Tag Archives: Henry Winkler

The Lord’s of Flatbush (1974)

lords of flatbush 2

By Richard Winters

My Rating: 6 out of 10

4-Word Review: Sly and the Fonz.

Butchey (Henry Winkler) forms a leather jacket gang with his friends at a Brooklyn city high school during the 1950’s. The group is made up of Stanley (Sylvester Stallone) who is forced to marry his girlfriend when he gets her pregnant and Chico (Perry King) who romances the pretty new girl in school named Jane (Susan Blakely). As they grow into adulthood they find themselves drifting apart as new interests and demands begin to appear.

This film can best be described as a B-version of American Graffiti that came out just a year earlier. The production values are shoddy with a grainy picture that looks like it was filmed on somebody’s home camera. The story works in fragmented style that comes off more like a series of vignettes than an actual plot. Chico’s romance with Jane happens too quickly and seems artificial from the start especially since they are from ‘opposite sides of the tracks’. The actors themselves are clearly well over 18 and in Stallone’s case almost pushing 30 making their presence and the overall 50’s feel seem unauthentic.

The one thing that saves it is that there are some funny scenes as well as moments of decent drama and character development. The part where Stallone barters with a jeweler over the price of the wedding ring is quite good. I also liked the scene where the boys get together to intimidate a guy who is dating Chico’s girl only to run in fright when the other guy brings in a team of football players to defend him. However, the opening bit dealing with the teens misbehaving in class is not funny at all and I ended up feeling sorry for the teacher who was only trying to do her job.

Although given top billing Winkler is underused and almost forgettable. King is the real star and does quite well while also creating a multi-dimensional character. Stallone steals every scene he is in and proves to be much more adept at comedy than you might think. You can also glimpse Ray Sharkey, Armand Assante and Brooke Adams as wedding guests.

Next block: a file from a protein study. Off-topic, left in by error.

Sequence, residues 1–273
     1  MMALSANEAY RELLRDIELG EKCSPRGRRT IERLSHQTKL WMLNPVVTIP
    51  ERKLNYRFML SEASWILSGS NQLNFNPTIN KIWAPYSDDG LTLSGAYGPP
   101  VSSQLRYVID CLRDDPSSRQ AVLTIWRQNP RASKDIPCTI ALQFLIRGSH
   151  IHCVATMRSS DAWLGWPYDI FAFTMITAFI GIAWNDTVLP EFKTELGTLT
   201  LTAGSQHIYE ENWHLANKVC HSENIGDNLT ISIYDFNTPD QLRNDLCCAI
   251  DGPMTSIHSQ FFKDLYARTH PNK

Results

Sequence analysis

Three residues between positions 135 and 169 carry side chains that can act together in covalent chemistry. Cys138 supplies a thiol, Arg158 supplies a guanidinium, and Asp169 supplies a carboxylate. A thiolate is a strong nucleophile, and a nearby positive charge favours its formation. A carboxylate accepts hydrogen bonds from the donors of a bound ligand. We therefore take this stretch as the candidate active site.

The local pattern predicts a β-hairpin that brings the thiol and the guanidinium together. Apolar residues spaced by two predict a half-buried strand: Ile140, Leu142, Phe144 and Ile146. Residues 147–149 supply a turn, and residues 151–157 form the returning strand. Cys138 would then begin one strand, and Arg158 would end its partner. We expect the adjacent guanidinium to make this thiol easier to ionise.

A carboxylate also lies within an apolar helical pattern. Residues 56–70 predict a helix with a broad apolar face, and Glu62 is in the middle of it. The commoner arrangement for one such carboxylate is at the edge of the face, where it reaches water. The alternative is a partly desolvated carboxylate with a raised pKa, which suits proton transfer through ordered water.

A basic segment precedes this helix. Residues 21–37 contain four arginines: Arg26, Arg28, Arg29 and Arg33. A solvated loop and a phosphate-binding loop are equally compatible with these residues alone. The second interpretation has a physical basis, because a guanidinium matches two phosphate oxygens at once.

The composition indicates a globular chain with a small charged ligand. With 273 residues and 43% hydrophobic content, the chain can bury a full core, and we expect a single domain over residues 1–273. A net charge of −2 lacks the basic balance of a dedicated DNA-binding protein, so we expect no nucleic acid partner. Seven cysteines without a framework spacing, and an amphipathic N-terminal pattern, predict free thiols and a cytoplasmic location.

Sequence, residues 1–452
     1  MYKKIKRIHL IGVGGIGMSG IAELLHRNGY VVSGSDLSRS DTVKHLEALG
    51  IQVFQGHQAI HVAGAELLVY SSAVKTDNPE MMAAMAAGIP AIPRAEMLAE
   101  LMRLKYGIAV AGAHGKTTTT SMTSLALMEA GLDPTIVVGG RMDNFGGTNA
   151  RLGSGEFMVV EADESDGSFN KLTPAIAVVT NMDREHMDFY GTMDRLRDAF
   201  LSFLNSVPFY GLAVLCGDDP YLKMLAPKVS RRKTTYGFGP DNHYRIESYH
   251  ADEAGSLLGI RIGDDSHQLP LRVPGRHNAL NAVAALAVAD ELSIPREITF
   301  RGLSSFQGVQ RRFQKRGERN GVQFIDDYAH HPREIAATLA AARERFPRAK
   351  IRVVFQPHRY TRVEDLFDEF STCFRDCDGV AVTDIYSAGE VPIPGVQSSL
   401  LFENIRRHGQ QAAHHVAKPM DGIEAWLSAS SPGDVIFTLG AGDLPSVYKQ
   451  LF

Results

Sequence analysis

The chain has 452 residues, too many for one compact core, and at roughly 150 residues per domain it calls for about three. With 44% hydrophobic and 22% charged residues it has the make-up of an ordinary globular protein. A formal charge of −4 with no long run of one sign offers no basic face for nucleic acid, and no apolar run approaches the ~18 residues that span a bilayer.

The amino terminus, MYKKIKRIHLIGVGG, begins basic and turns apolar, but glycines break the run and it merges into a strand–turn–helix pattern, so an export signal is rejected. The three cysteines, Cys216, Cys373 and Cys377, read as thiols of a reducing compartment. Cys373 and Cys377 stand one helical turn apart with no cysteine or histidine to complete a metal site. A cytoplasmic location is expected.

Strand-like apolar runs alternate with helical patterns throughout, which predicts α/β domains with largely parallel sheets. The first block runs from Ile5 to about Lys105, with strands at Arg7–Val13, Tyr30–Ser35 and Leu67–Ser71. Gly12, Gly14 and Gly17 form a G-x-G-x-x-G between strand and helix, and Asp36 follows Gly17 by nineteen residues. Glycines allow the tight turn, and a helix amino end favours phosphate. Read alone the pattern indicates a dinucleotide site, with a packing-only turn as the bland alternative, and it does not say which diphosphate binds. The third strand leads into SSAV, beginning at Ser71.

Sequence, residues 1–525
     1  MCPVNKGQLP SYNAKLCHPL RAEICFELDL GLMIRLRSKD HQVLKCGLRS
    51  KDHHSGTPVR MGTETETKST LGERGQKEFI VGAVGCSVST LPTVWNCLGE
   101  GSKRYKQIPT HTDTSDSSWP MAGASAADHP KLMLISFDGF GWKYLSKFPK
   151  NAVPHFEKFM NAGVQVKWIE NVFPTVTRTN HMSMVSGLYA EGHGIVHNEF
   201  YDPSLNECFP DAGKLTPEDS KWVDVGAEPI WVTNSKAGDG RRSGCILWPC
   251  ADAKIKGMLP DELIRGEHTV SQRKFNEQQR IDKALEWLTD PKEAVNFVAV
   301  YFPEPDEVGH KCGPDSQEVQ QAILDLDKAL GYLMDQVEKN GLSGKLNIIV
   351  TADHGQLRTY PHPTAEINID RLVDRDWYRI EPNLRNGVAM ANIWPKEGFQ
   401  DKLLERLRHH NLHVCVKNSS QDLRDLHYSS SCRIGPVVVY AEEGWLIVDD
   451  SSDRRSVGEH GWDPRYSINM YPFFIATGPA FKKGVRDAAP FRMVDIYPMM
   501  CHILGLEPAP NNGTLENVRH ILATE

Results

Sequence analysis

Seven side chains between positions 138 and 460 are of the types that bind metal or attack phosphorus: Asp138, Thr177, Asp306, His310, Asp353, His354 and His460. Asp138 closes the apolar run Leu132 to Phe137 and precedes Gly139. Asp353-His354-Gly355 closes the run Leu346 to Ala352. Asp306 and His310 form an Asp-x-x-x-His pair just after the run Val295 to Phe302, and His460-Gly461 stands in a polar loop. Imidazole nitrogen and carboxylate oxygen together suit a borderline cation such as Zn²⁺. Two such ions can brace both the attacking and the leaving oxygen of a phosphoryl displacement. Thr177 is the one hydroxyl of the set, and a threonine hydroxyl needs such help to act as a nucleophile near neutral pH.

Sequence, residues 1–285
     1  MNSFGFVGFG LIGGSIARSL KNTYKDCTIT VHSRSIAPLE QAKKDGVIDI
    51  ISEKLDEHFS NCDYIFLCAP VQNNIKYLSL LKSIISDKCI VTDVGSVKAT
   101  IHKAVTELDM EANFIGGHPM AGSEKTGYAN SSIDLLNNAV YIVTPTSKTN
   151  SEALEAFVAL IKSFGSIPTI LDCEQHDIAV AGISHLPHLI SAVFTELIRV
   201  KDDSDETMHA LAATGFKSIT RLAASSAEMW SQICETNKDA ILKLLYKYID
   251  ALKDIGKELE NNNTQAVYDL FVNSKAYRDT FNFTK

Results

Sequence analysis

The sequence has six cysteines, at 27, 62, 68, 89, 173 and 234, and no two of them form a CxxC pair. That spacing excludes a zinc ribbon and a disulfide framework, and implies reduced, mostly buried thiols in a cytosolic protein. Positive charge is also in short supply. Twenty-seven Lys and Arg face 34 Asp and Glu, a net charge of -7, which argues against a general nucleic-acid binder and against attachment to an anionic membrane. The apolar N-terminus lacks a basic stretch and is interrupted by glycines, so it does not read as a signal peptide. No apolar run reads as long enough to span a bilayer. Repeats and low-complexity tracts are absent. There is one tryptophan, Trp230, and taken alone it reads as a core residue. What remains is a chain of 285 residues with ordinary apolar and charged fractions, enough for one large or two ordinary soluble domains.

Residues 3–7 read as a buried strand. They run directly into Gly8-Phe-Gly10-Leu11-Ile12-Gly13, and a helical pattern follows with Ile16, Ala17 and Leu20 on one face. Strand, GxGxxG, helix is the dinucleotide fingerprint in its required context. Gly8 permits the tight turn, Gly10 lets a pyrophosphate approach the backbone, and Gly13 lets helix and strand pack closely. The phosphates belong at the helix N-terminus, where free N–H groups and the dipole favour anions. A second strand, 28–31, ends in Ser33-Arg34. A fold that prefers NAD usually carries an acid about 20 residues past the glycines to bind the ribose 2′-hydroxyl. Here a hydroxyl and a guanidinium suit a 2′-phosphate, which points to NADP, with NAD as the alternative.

The film also features model-turned-actress Susan Blakely in only her third feature who does well playing the ‘good girl’, but the scene where Chico pressures her into having sex and she resists while asking him what color her eyes are in an attempt to see if he really ‘knows’ her and not just using her makes no sense. For one thing her big, blue eyes are the most prominent part of her face. Anyone, even a stranger, who glances at her face for even a second would know the color of her eyes, and thus having her ask someone what color they are is ridiculous already and then having them unable to tell her makes it the dumbest part of the whole movie.

susan blakely

My Rating: 6 out of 10

Released: May 1, 1974

Runtime: 1Hour 26Minutes

Rated PG

Director: Martin Davidson and Stephan Verona

Studio: Columbia Pictures

Available: VHS, DVD, Amazon Instant Video

Heroes (1977)

heroes

By Richard Winters

My Rating: 4 out of 10

4-Word Review: Adjusting to civilian life.

Jack (Henry Winkler) is a Vietnam Vet. still suffering from nightmares from his war time experiences. He has been in and out of the psyche ward at the veteran’s hospital, but has come up with an idea that he feels will makes both him and his buddies a lot of money. He wants to start a worm farm to be used as fisherman’s bait, but must board a bus to California to do. There he meets Carol (Sally Field) a woman who is engaged to be married and was a war protester during the 60’s. The two don’t get along at first, but eventually a relationship is made as she and his cousin Ken (Harrison Ford) help Jack fulfill his dream.

The movie is well filmed for the most part and even has a nicely shot and exciting foot chase down the busy streets of Manhattan, but the script by James Carabatsos, who was a Vietnam Vet. himself is too loosely structured and only glosses over the many issues that veterans face, which gives the whole thing a very shallow feeling. The only time we ever see any type of flashback’s to the experiences that Jack had while fighting in the war is at the end even though I felt the film would’ve been much stronger had this been shown throughout. The comical segments are misplaced and the story would’ve worked better had it just stuck to the drama.